Posed questions: Why does the Europan Commission (EC) keeps favoring subsidy schemes such as AEC schemes despite their failures (and implementation costs)? A possible answer could be that the EC always has two objectives: incentivizing changes and maintaining farmers’ income levels. Subsidy schemes seem to be able to kill these two birds with one stone (whereas using two instruments is warranted). The OECD representative made an interesting study investigating the efficiency and acceptance of practice-based (e.g., AEC or Eco- schemes) versus result-based subsidy schemes. Result-based schemes are shown to be the most efficient and favoured by farmers. It was pointed out that the use of the tax revenue is crucial and needs to be considered. Returning the tax revenue to farmers (in the case of taxes on agrochemicals) seems warranted for neutralising as much as possible the (negative) effects of the tax on farm incomes. Yet, not to destroy the incentive effect of the tax is also crucial. Recent increases in fertilizer prices (due to the war in Ukraine) are unfortunate. Still, they could be used for validating, at least to some extent, MIND STEP models regarding their ability to simulate the effects of fertilizer taxes. Yet, one must know whether farmers consider these price increases transitory or more or less “permanent”.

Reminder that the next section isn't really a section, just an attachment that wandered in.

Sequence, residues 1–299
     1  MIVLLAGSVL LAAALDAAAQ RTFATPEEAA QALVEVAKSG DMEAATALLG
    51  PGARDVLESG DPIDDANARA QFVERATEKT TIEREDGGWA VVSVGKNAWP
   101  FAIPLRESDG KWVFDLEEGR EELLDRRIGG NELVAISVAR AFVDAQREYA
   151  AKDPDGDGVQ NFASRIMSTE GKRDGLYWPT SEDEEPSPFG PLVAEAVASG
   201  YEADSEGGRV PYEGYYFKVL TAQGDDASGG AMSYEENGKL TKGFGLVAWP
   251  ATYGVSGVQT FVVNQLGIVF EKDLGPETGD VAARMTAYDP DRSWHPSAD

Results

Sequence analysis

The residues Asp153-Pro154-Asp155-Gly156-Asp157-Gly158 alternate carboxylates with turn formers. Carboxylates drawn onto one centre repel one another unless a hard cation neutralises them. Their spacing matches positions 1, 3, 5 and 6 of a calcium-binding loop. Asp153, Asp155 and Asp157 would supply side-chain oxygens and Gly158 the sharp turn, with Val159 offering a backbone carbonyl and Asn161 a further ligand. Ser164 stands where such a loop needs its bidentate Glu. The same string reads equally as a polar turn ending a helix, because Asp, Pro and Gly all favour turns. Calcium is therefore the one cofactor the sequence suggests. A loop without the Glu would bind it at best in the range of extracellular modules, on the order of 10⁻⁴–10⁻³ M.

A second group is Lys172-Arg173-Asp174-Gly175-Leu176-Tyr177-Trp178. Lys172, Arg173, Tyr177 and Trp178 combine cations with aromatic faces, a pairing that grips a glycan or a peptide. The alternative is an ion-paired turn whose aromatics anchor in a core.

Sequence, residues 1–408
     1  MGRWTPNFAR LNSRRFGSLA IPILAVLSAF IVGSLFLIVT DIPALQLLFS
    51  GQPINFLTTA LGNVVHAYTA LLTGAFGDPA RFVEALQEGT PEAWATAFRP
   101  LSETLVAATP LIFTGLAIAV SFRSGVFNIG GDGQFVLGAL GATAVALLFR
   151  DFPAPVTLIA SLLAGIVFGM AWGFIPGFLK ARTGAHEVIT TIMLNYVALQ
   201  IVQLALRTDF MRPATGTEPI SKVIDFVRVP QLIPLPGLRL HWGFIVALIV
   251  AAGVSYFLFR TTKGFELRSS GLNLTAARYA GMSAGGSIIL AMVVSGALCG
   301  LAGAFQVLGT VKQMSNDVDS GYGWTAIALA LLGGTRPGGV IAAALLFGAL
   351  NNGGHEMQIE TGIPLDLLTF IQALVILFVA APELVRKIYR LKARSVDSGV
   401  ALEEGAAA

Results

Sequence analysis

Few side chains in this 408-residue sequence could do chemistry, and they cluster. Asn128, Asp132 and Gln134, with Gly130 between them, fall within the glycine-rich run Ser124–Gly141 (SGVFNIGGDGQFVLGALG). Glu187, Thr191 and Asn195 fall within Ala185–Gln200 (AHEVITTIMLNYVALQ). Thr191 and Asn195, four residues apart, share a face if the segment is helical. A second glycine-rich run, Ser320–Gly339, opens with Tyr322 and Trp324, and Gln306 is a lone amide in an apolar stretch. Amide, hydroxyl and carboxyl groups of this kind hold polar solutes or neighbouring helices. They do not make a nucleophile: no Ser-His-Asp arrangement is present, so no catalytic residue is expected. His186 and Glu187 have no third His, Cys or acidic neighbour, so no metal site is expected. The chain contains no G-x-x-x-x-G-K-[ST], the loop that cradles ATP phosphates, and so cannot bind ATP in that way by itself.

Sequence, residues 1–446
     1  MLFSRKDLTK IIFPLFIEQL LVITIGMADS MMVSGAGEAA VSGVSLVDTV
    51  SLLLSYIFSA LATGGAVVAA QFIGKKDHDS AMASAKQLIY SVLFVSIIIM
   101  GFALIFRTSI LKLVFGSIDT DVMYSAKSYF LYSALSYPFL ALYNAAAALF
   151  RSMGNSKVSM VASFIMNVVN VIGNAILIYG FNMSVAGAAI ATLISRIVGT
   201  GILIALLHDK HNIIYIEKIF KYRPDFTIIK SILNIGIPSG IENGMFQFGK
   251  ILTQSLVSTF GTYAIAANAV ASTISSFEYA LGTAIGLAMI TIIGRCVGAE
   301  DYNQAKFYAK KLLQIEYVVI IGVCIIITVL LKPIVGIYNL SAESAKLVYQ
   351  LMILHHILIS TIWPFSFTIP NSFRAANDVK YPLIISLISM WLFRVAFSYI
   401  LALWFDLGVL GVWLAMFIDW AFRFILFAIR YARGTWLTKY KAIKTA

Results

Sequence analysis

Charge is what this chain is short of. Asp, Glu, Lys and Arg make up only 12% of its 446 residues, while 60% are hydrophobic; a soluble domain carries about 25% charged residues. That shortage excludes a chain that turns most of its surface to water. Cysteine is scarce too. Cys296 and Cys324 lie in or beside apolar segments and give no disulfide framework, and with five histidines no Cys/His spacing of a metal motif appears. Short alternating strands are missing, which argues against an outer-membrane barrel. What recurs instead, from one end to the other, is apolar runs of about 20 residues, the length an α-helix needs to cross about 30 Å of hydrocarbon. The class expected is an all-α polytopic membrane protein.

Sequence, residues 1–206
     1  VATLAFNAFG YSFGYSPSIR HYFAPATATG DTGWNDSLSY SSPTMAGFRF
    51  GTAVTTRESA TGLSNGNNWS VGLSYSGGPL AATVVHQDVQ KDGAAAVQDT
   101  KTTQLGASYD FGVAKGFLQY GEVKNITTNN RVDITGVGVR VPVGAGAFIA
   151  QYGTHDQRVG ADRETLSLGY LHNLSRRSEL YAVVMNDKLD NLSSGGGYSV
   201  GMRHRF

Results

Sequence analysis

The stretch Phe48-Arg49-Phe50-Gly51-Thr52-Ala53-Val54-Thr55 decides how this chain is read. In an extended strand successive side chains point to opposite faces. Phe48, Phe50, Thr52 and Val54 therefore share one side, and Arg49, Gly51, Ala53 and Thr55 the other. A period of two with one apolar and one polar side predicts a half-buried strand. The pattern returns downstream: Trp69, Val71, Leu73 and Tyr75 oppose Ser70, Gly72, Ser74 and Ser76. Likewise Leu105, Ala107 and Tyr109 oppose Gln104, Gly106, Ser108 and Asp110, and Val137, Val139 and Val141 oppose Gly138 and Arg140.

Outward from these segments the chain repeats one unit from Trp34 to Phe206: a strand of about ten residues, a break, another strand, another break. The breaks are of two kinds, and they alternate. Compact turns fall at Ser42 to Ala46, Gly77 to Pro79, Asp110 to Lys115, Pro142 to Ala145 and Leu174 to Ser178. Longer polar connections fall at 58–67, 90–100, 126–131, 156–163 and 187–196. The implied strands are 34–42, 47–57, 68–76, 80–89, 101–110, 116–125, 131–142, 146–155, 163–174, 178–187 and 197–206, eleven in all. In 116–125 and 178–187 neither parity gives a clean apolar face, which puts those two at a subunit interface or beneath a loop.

During DAY 2, The breakout group C, started by introducing the participants and voting on the following question: would you choose tax or voluntary measures to achieve GHG emission reduction in agriculture? While some participants clearly expressed their preference for tax measures due to their effectiveness, others favoured combined solutions. First, these can bring synergic effects, and second, they can target multiple objectives. The strengths and weaknesses of the emission tax were debated mainly, as well as how realistic taxation implementation would be; who would be responsible for implementing such a tax? Can this be done in the framework of CAP? It was highlighted that farmers are reluctant to add results–based schemes–they prefer the schemes they are used to. Also, it was pointed out that if implemented as part of CAP – direct payments, there would be lost when no compliance; in the case of taxation, direct payments are untouched, but farmers are charged for tax. Is there some behavioural aspect that would suggest one or the other option would be easier to implement? It was commented that the farmers are generally familiar with the subsidy schemes they come from the past. Introducing constraints on how you get a subsidy, and adopt specific behaviour to obtain subsidies is something that, at least, constraints farmers to adopt specific, let's say, behavioural change.